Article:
To install click the Add extension button. That's it.

The source code for the WIKI 2 extension is being checked by specialists of the Mozilla Foundation, Google, and Apple. You could also do it yourself at any point in time.

Kelly Slayton
Congratulations on this excellent venture… what a great idea!
Alexander Grigorievskiy
I use WIKI 2 every day and almost forgot how the original Wikipedia looks like.
Live Statistics
English Articles
Improved in 24 Hours
Added in 24 Hours
What we do. Every page goes through several hundred of perfecting techniques; in live mode. Quite the same Wikipedia. Just better.

2004 United States Senate election in Arkansas

From Wikipedia, the free encyclopedia

2004 United States Senate election in Arkansas

← 1998 November 2, 2004 2010 →
Blanche Lincoln official portrait.jpg
Jim & Bobye May 07 (cropped).jpg
Nominee Blanche Lincoln Jim Holt
Party Democratic Republican
Popular vote 580,973 458,036
Percentage 55.9% 44.1%

Arkansas Senate Election Results by County, 2004.svg
County results
Lincoln:      50–60%      60–70%      70–80%
Holt:      50–60%

U.S. senator before election

Blanche Lincoln

Elected U.S. Senator

Blanche Lincoln

The 2004 United States Senate election in Arkansas took place on November 2, 2004 alongside other elections to the United States Senate in other states as well as elections to the United States House of Representatives and various state and local elections.

Incumbent Democratic U.S. Senator Blanche Lincoln won re-election to a second term in office, while President George W. Bush carried the state with almost the same margin of victory. As of 2021, this is the last time the Democrats have won the Class 3 Senate Seat from Arkansas.


Incumbent Democrat Blanche Lincoln ran for re-election. Lincoln won re-election over Republican State Senator Jim Holt while President George W. Bush carried the state with almost the same margin of victory.

The Democratic Party held super-majority status in the Arkansas General Assembly. A majority of local and statewide offices were also held by Democrats. This was rare in the modern South, where a majority of statewide offices are held by Republicans. Arkansas had the distinction in 1992 of being the only state in the country to give the majority of its vote to a single candidate in the presidential election—native son Bill Clinton—while every other state's electoral votes were won by pluralities of the vote among the three candidates. Arkansas has become more reliably Republican in presidential elections in recent years. The state voted for John McCain in 2008 by a margin of 20 percentage points, making it one of the few states in the country to vote more Republican than it had in 2004, the others being Louisiana, Oklahoma, Tennessee and West Virginia.[1] Obama's relatively poor showing in Arkansas was likely due to a lack of enthusiasm from state Democrats following former Arkansas First Lady Hillary Clinton's failure to win the nomination, and his relatively poor performance among rural white voters (Clinton, however, herself lost the state by an even greater margin as the Democratic nominee in 2016).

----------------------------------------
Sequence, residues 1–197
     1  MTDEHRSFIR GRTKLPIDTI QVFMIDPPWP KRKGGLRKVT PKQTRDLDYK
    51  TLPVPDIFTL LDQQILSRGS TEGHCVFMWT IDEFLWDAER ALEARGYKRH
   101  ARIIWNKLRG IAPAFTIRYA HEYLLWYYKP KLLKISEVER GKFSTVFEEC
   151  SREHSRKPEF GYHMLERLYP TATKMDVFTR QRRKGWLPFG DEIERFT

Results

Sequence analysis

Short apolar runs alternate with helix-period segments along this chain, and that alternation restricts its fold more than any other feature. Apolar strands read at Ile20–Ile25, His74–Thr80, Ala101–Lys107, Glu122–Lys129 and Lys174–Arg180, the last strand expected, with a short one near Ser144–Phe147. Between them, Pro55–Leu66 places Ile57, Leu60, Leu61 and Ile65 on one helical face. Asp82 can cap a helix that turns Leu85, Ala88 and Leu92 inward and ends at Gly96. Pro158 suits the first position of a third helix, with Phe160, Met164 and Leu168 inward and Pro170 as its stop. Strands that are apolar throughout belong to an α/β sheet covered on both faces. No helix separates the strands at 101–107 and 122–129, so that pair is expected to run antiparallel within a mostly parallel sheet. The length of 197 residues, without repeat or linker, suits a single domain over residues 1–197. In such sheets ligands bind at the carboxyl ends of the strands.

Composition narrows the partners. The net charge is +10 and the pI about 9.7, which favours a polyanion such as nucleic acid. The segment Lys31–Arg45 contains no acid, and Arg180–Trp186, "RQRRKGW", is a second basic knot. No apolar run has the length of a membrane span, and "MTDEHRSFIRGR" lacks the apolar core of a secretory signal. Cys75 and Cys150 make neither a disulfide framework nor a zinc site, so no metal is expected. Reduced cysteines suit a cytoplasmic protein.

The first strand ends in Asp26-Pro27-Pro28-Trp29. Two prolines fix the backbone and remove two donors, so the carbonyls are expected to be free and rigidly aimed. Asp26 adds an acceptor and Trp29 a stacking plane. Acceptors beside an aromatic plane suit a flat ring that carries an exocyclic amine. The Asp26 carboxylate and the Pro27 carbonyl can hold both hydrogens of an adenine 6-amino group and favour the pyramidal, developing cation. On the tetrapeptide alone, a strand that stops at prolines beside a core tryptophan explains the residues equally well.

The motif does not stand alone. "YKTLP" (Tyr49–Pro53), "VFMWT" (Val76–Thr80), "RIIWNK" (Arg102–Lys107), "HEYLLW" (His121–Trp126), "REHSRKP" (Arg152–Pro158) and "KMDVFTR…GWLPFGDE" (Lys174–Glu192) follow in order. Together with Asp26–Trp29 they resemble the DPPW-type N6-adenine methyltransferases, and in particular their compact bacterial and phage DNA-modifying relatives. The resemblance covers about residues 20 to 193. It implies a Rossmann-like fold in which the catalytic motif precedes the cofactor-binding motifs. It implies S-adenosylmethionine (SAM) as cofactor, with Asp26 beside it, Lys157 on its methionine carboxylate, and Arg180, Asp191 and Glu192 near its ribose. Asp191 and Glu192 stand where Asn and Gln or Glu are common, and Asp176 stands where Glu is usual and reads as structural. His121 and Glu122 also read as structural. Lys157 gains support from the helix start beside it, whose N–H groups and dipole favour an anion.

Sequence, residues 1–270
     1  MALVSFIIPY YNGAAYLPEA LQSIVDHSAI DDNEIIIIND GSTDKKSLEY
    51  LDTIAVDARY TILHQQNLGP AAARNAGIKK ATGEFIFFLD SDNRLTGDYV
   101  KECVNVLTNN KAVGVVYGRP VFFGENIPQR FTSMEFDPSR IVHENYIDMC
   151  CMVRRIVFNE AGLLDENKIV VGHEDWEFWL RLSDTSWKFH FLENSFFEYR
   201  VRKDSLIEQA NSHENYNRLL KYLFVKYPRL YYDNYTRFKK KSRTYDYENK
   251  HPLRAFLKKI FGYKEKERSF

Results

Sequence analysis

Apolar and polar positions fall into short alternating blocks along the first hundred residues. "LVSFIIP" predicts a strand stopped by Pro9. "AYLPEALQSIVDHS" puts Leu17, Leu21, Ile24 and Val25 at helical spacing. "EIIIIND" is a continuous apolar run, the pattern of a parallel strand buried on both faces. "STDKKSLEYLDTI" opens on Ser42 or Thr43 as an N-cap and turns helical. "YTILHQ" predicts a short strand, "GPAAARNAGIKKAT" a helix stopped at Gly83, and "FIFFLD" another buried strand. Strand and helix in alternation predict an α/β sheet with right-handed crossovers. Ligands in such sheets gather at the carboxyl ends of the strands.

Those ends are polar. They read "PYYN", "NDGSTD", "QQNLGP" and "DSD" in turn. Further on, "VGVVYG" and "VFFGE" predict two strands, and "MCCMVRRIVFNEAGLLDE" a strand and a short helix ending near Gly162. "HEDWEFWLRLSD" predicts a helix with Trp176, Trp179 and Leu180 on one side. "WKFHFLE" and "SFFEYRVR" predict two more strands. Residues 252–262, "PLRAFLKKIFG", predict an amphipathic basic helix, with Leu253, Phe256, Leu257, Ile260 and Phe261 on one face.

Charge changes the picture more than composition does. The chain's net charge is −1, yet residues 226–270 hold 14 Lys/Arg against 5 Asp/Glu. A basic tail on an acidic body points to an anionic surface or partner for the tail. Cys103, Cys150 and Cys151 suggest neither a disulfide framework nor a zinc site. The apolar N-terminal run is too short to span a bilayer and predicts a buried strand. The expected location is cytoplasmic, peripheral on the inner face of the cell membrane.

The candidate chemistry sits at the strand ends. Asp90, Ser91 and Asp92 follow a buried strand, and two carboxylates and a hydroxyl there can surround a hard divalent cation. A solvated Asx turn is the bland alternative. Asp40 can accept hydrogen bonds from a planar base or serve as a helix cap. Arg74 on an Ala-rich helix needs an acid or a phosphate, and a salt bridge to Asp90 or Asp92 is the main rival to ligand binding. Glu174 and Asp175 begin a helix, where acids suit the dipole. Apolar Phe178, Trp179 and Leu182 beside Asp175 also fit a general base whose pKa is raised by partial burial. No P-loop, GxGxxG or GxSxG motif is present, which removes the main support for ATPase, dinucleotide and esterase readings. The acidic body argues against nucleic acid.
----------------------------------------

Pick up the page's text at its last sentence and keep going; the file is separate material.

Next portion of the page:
Democrats had an overwhelming majority of registered voters, the Democratic Party of Arkansas is more conservative than the national entity. Two of Arkansas' three Democratic Representatives were members of the Blue Dog Coalition, which tends to be more pro-business, pro-military, and socially conservative than the center-left Democratic mainstream. Reflecting the state's large evangelical population, the state has a strong social conservative bent. Under the Arkansas Constitution Arkansas is a right to work state, its voters passed a ban on same-sex marriage with 74% voting yes, and the state is one of a handful that has legislation on its books banning abortion in the event Roe vs. Wade is ever overturned.

Republican primary



Republican Primary results[3]
Party Candidate Votes %
Republican Jim Holt 37,254 68.9%
Republican Andy Lee 10,709 19.8%
Republican Rosemarie Clampitt 6,078 11.3%
Total votes 54,041 100.0%

General election



Lincoln was a popular incumbent. In March, she an approval rating of 55%.[4] Lincoln calls herself an advocate for rural America, having grown up on a farm herself. Holt is from Northwest Arkansas, who also lives on a farm.[5] Holt was widely known as a long shot. By the end of June, he had raised just $29,000, while Lincoln had over $5 million cash on hand.[6] Holt tried to make gay marriage a major issue, because defining marriage was on the ballot. He even said, "it is the most important issue, I believe, in America."[7]



Arkansas Senate election 2004
Party Candidate Votes %
Democratic Blanche Lincoln (Incumbent) 580,973 55.9%
Republican Jim Holt 458,036 44.1%
Independent Write Ins 340 0.0%

See also


  1. ^
  2. ^ "Blytheville Native Launches U.S. Senate Bid". 31 March 2004. Archived from the original on 6 April 2015. Retrieved 26 December 2009.
  3. ^ David Leip. "2004 Senatorial Republican Primary Election Results - Arkansas".
  4. ^ "Archived copy". Archived from the original on 2012-03-09. Retrieved 2010-09-04.CS1 maint: archived copy as title (link)
  5. ^ "Sen. Lincoln Visits with Constituents in Region 8". 2 July 2004. Archived from the original on 1 December 2017. Retrieved 4 September 2010.
  6. ^ "Can Republicans hold on to the Senate?". NBC News.
  7. ^ "NewsMax Archives". Archived from the original on 2012-05-27. Retrieved 2010-09-04.
This page was last edited on 2 January 2021, at 13:50
Basis of this page is in Wikipedia. Text is available under the CC BY-SA 3.0 Unported License. Non-text media are available under their specified licenses. Wikipedia® is a registered trademark of the Wikimedia Foundation, Inc. WIKI 2 is an independent company and has no affiliation with Wikimedia Foundation.